Lynn Gehl shares her story connecting to Indigenous knowledge in her book, Claiming Anishinaabe: Decolonizing the Human Spirit. (Samantha Moss) grew up distanced from her Algonquin Anishinaabe roots. She had been denied her Indigenous status because of sex-based discrimination in how it can be passed on.
After decades-long legal battle, Gehl finally won her case in Ontario’s highest court in April 2017 — only to find out she received a lower level of status. CBC News: Woman wins 32-year fight for Indian status; argued rules were discriminatory
But in researching her family history in her fight to get status, Gehl also learned about her culture as an adult.
This opened her eyes to adapting her world view to include the Indigenous knowledge she had not grown up with as a child.
"I felt, well, I can’t really just become a status Indian without knowing what that means," says Gehl, author of Claiming Anishinaabe: Decolonizing The Human Spirit.
Growing up without Indian status
Gehl grew up in public housing in Toronto, in a family of eight children. She had a visual disability that meant she didn’t learn to read or write beyond the primary school level until she was in her 30s.
Her mother had Indigenous ancestry but identified more as French-Canadian.
Gehl’s father brought Gehl along as a child to do cultural activities like fishing around the Pikwakanagan First Nation where he had his roots — but since they didn’t have legal status and therefore legal fishing rights in the area, they had to do this in secret. Lynn Gehl (left) and her lawyer Christa Big Canoe have been fighting for decades to gain Indian status for Gehl. Both Gehl’s grandmother and father have status, but Gehl was denied because she does not know the identity of one of her grandfathers. (Colin Perke/Canadian Press) And this secrecy, which Gehl didn’t understand the reasons for as a child, shaped how she felt about her culture.
"It was a process that involved some shame," she tells The Current ‘s Anna Maria Tremonti.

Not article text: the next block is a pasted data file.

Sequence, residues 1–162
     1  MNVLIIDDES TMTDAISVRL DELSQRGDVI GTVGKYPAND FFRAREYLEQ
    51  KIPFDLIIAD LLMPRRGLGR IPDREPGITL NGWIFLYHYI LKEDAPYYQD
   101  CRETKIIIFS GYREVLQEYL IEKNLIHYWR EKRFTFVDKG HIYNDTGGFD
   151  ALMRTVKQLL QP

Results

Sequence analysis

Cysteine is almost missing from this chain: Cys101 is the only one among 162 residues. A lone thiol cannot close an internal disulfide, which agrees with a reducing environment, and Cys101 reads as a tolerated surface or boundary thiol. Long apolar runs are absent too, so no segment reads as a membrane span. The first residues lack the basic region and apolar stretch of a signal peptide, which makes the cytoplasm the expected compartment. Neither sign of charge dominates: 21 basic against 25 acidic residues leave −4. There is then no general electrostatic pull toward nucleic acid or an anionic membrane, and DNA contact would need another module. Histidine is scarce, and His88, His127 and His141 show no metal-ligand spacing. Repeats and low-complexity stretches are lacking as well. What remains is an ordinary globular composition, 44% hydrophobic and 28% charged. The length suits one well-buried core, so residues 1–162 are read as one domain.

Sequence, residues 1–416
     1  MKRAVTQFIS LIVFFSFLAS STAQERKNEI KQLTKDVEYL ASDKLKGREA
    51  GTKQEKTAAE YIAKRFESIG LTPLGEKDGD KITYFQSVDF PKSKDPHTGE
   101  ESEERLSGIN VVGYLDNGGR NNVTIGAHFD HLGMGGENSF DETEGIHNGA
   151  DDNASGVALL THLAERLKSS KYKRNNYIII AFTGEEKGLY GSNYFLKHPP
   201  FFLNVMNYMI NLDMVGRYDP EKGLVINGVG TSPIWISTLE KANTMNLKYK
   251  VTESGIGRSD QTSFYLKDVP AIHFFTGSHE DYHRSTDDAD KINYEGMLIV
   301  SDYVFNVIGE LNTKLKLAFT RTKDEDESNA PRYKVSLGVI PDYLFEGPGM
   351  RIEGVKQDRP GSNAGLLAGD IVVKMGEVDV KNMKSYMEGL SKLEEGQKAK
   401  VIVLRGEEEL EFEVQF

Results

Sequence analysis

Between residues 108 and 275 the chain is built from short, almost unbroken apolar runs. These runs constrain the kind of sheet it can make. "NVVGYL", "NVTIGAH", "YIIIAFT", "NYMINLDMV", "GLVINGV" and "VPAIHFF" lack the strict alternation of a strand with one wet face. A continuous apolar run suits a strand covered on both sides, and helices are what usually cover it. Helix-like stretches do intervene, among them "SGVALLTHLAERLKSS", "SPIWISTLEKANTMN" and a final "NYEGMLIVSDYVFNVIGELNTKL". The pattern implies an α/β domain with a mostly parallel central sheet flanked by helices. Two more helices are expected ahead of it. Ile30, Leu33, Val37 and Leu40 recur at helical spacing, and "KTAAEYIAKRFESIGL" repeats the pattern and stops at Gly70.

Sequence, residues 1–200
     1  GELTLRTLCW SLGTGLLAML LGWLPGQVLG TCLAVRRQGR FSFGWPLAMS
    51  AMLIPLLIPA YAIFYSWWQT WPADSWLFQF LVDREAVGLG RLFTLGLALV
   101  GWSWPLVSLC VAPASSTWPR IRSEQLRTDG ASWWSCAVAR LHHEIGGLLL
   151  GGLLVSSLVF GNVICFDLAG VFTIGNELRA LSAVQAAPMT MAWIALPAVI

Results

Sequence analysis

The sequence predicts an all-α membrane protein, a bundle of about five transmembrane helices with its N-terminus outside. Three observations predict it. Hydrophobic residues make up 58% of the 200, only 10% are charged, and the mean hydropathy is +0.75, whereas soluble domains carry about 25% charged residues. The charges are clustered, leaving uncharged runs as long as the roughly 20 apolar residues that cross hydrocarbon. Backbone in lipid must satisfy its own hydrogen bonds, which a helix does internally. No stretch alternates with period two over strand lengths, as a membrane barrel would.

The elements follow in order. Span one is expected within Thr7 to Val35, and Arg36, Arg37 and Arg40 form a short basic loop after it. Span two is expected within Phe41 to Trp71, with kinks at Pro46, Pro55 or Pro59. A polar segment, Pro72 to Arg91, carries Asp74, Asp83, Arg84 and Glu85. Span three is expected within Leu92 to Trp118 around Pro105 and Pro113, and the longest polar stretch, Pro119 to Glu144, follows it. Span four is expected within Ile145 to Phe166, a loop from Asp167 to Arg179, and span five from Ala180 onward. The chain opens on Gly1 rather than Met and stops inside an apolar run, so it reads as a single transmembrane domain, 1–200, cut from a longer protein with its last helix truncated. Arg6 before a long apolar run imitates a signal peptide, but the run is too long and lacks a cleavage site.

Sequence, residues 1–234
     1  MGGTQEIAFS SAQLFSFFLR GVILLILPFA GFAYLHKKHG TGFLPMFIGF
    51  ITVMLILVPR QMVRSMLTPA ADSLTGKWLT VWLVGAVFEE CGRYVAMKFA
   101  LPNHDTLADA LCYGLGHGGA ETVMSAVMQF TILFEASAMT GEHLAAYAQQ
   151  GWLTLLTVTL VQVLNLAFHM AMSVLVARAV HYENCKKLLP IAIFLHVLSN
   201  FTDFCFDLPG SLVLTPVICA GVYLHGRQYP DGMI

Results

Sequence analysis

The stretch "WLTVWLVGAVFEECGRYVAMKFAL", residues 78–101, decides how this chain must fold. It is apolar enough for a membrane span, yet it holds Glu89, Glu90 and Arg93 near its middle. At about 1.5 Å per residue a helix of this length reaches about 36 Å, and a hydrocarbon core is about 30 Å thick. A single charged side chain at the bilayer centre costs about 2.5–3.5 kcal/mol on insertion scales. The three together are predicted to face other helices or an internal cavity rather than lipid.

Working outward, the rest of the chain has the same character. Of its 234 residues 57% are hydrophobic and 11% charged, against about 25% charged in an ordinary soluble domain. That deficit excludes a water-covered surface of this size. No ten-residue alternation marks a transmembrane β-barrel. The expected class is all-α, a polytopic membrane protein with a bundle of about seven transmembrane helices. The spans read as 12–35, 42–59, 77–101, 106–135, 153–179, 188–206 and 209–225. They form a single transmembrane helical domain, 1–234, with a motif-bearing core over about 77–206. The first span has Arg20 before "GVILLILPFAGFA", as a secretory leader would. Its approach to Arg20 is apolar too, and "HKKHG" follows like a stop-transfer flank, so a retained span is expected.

"That was difficult. When you think about that, eating feast food should be really a joyful time, a lovely time, a spiritual time. But for a lot of people, it was a shameful time. That whole process of eating was a ritual of embodying shame, and subjugation, and [not being] worthy."
Learning more about her Indigenous heritage
Gehl went on to study chemistry in college, and worked in environmental sciences, in a lab measuring levels of toxic organic chemicals in Ontario water. (University of Regina Press) "I was trying to understand the nature of reality," says Gehl. "And that’s where I went to — atoms and molecules."
But as she learned more about her Indigenous heritage, she realized Western science wasn’t giving her a full understanding of environmental issues.
"I realized the knowledge system wasn’t working," says Gehl.
"It was a very profound knowledge system in that we could detect pesticides and herbicides at the parts per million level. But people were continuing to pollute, nothing was changing. There’s some other aspect of human behaviour that the knowledge system wasn’t capturing." ‘It was a hard journey because it’s a paradigm shift.’ Gehl left that job and went on to do a PhD looking at anthropology and Indigenous studies, as well as becoming more fully immersed in the practice of Algonquin Anishinaabe knowledge."It was a hard journey because it’s a paradigm shift," says Gehl."You have to really think differently and conceptually. It’s not just about fluffs and feathers and dancing. There’s a real sophisticated knowledge system under that."Part of that paradigm shift involved moving past the idea that […]
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